A few years ago, my family and I went to one of the poorest areas of Mexico over the holidays. We were part of a team building a house for a family in need.
It was a wonderful experience to help the family move from the house on the left to the one on the right.
One of the things we found so interesting was the joy we witnessed. This family had many issues, but they were not embarrassed by their old house. They welcomed us in and showed us how they lived. They had no fridge, no power, no running water. They had to get food from down the street every day and a truck brought drinking water every few days. To make a living, the dad picked the strawberries we eat all winter in Canada. He made about $5 per day. That barely covered the payments for their lot, food, and the kids’ school supplies. A new house was never going to happen under the status quo. We were honoured to help them get that done. Such hard-working people deserve a solid roof over their heads.
My daughter Melanie, being 13 at the time, spent most of her time helping to keep the little kids away from the construction site. She especially bonded with the youngest child—Roberto—who was five. He was a mischievous little one—full of life. They played together for hours. He was learning English faster than anyone else in the family and he loved everyone.
A few weeks earlier, thanks to the agency that had brought us to Mexico, Roberto’s constant bouts of shortness of breath and his purple lips had been diagnosed. He had a hole in his heart. In Canada, this would have been repaired before he was six-months-old.
In Mexico, they do have public health care. Roberto would get help, but he would have to travel to the big city for the first time. The agency arranged to cover the travel and nursing expenses that you must pay for yourself in Mexico. The family would not have been able to afford that. We all had hoped that this little boy would return home to his new house with his heart repaired.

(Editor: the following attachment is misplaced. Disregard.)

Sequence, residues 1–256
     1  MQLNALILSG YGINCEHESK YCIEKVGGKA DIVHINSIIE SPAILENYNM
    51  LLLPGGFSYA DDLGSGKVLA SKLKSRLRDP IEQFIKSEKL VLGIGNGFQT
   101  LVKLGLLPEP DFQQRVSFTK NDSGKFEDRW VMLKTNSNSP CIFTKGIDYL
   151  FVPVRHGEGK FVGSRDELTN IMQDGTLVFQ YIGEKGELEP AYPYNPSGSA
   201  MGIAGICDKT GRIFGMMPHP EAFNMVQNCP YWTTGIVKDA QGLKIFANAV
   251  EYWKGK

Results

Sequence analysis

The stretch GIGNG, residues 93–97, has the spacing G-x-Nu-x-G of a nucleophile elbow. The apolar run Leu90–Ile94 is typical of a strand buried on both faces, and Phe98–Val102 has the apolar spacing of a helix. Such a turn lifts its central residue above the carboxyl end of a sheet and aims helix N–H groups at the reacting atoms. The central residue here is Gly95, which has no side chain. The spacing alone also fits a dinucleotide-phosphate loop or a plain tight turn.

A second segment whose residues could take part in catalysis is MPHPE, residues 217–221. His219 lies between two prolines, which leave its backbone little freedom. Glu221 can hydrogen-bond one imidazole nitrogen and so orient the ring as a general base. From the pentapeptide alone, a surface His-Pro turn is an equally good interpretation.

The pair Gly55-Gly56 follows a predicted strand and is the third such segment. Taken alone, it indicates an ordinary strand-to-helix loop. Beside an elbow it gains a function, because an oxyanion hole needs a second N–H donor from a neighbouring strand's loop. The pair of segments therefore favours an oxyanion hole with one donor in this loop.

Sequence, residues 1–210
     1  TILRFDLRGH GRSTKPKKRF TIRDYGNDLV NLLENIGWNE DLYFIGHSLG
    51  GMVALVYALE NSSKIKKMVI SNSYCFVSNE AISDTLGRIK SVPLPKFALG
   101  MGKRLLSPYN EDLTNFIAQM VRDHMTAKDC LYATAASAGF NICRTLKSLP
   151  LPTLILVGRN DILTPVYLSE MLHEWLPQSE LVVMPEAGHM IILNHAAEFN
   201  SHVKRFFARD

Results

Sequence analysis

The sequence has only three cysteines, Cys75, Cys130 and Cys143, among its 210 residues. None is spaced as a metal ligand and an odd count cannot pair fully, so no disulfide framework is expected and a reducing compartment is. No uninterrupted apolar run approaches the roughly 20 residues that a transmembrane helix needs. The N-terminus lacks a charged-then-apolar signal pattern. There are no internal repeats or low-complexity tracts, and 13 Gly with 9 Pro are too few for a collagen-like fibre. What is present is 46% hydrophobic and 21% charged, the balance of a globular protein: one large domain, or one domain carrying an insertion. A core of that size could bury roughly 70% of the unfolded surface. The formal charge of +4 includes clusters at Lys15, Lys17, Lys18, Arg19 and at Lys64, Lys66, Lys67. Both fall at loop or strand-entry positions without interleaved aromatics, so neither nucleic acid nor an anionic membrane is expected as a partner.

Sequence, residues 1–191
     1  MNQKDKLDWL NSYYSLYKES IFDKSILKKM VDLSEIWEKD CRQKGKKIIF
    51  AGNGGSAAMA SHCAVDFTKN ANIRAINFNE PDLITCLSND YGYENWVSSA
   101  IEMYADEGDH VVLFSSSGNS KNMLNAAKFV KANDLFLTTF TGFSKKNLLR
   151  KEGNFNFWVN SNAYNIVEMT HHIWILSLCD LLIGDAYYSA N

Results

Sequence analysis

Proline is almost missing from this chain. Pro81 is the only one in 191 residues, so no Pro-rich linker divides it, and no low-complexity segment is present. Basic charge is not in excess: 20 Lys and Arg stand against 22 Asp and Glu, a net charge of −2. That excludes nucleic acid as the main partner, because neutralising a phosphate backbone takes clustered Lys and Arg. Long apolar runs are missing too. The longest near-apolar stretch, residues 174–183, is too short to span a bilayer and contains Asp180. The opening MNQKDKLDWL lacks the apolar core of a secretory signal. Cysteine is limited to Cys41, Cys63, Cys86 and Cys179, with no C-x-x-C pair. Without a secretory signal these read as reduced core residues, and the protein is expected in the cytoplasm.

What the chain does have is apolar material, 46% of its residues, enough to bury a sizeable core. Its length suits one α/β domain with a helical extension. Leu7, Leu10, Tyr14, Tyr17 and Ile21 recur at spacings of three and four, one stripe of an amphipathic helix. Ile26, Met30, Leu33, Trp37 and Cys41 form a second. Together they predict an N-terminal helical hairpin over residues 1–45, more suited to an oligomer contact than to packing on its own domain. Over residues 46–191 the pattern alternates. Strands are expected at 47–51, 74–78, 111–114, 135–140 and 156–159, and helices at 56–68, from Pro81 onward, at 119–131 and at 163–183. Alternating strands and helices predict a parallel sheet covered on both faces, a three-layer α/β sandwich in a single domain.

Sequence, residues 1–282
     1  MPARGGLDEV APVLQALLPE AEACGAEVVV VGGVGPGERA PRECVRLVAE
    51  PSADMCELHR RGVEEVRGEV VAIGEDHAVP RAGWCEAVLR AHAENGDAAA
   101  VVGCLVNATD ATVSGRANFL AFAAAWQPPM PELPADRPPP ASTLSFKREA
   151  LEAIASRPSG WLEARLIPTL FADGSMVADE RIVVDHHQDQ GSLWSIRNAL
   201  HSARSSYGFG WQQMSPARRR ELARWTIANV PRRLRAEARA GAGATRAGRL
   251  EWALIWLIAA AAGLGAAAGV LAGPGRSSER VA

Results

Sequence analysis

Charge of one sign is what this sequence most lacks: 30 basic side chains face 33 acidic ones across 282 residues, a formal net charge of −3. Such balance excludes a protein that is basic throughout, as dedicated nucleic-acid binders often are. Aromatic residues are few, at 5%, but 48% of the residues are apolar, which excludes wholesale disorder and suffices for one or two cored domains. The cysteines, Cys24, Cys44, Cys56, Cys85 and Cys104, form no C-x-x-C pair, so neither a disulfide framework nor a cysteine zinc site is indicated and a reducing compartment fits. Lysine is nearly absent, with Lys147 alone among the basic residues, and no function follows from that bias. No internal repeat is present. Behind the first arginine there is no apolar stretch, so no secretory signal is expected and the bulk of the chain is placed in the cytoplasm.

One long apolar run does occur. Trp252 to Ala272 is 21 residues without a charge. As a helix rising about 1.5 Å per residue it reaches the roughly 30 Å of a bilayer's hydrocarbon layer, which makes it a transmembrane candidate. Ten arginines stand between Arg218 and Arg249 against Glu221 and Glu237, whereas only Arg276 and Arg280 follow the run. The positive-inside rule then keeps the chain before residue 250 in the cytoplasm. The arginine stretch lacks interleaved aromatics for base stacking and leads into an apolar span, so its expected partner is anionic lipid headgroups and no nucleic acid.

What a happy ending that would have been. Roberto died in surgery. Telling my daughter this news was one of the hardest things I have ever had to do. That little boy you fell in love with over the last week—he just died. It was a lesson for all of us about the unfairness of life.
We are still in touch with the family. They have carried on. Seems they understand that life must go on, that life is not fair. They have had many more setbacks in their lives than most of us in Canada ever will. They must carry on for their other four kids. They don’t have the luxury to stop.
If we wait around for life to become fair, we will never get anything positive done.
When I am down, feeling dumped on, misunderstood, unappreciated, or treated unfairly, I think about Roberto. Then I think about Stephen Covey’s advice about being proactive. Focus on what you can change, not on what you can’t. The biggest thing I can change is me. My attitude and actions are under my control. I can wallow in the unfairness of it all, or I can move forward and carry on, trying my best to do good and set a good example. This is what we as leaders need to do.
Roberto would have us do no less. He was attracted to my daughter who is a smiley, fun, attentive, energetic person. He would not want to see us all wallowing in the unfairness of it all; he would want to have a party.
Party on in your own positive way.
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